The thought of glistening lawns and trees, crowned in the season's
first snow comes to mind. Many people wait in anticipation for this
moment, but depending on the location, winter can manifest itself
in many different ways. For those people living in the southern states,
snow, sleet, and freezing rain are rare occurences, a freak of nature
in some cases, such as in Southern Florida. On the opposite end of
the spectrum are the northern states with frequent blizzards, and
sometimes mountains of snow. But whether you live in the North, the
South, the East, or the West, winter weather is always a possibility.
If one is not prepared for it, winter weather can be very dangerous,
of lives are lost each year due to exposure to cold alone, not to
mention the number of people that lose their lives in traffic fatalities
caused by ice and snow on roadways. Major winter storms have the ability
to paralyze cities, and even regions, for days, weeks, or even months.
Ice and heavy snow coat roads and walkways, snap trees and power lines,
and can even collapse the roofs of houses and other buildings. Large
amounts of melting snow can also cause flooding. These are just a
few of the dangers winter weather can bring to a region. It is very
important to be prepared ahead of time, should a major winter storm
strike. Please read this page and its accompanying pages cafefully.
Winter weather comes
in many different forms, including low temperatures, snow, ice, sleet,
freezing rain, and often blustery wind. Severity of winter weather
varies depending on the location. A few inches of snow in the south,
could be considered a major winter storm, whereas, in many northern
states a few inches of snow is a daily event. Never-the-less, all
winter weather should be taken seriously, and people need to be aware
of every possible weather condition.
are three types of winter precipitation: snow, sleet, and freezing
rain. Snow occurs when rain freezes within a cloud, and falls to the
ground in this frozen form, one or a grouping of many tiny ice crystals.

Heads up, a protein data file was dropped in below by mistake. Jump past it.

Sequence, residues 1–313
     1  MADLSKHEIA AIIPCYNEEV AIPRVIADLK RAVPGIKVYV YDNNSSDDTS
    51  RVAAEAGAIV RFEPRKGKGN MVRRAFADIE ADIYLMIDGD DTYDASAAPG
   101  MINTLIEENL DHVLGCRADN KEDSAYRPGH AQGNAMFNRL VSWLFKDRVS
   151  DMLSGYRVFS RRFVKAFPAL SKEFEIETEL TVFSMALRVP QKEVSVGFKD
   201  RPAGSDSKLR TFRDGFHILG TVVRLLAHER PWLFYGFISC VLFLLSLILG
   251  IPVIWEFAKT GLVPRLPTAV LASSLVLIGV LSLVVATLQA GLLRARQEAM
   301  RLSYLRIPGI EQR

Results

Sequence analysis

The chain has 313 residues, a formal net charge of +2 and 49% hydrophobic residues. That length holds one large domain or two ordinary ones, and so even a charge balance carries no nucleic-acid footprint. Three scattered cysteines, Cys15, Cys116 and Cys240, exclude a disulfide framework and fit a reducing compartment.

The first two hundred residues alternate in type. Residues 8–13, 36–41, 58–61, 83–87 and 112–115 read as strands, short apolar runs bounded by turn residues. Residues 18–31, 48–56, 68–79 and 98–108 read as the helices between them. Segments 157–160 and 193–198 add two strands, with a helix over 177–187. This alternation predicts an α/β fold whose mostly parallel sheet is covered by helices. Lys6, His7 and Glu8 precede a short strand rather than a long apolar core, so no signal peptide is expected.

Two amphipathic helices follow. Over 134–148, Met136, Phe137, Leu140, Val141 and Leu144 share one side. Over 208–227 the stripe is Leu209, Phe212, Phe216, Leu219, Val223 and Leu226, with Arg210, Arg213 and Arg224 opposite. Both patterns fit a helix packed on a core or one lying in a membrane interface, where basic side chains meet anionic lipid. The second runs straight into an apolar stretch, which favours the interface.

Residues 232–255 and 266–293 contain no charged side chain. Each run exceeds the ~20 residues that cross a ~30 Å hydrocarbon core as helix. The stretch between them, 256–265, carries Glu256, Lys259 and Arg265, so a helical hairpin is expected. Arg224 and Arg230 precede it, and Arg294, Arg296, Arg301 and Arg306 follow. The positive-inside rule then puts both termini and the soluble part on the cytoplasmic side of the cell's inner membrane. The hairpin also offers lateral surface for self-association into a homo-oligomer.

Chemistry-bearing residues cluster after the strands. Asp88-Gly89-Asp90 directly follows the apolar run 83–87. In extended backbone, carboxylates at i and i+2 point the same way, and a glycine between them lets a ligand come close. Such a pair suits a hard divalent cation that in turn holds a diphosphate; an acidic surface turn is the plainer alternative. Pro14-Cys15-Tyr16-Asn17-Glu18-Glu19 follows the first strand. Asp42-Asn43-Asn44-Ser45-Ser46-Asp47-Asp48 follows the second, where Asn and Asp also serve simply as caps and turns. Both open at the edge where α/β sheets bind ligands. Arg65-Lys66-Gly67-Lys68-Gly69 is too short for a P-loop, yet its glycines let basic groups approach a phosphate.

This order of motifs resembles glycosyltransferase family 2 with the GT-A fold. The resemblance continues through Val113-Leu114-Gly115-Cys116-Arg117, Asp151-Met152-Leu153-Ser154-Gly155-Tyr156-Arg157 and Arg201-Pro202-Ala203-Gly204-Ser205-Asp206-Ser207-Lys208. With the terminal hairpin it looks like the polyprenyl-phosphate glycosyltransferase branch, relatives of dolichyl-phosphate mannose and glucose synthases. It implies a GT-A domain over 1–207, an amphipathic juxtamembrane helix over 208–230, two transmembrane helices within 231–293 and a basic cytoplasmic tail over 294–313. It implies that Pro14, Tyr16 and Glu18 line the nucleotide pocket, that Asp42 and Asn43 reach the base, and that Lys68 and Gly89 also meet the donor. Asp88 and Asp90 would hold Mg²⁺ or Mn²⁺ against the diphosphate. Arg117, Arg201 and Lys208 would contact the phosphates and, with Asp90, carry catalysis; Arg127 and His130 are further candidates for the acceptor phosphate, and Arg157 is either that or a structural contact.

Sleet is snow that melts when it falls through a patch of warmer air.
It then refreezes, as it hits cooler air, hitting the ground as small
ice pellets. Freezing rain occurs when the falling snow meets a warm
air mass, melts, and hits the ground as rain. Oftentimes refreezing
on the surface of the ground and other objects due to their colder
temperatures. A layer of ice is the result, making even walking treacherous.
One of the most serious winter weather
conditions is the blizzard. Many people believe the blizzard to be
large accumulations of snow accompanied by wind. This, in fact, is
true, but snow fall is not what actually defines a blizzard. It is
the wind. A blizzard warning can be issued when winds, 35 MPH or greater,
and snow (many times snow that has already fallen, and is being lifted
back into the air) create low wind
chills (what the outside temperature actually feels like when
wind is factored into the equation), and white out conditions (visibility
of less than 1/4 mile). Blizzard conditions are life threatening,
and people should take shelter in a well insulated structure.
of these types of winter weather can develop into very serious situations.
People should stay informed of changing weather conditions through
their local TV and radio stations. Winter weather advisories, winter
storm watches and warnings, and blizzard warnings are all possible
forecasts that could be issued. Winter weather advisories announce
that winter weather is a possibility in a given area, and may cause
significant inconveniences and hazards. Winter storm watches are used
to alert the public of an impending winter storm that is expected
to hit the given area within 36-48 hours, hopefully allowing people
time to prepare for what could become a dangerous weather situation.
A winter storm warning indicates that a magor winter weather situation
is happening or will happen within the next 24 hours. People should
already be prepared and should be ready to take cover as weather conditions
All information from the "Winter Emergencies" collected
from The American
Red Cross and NWS/NOAA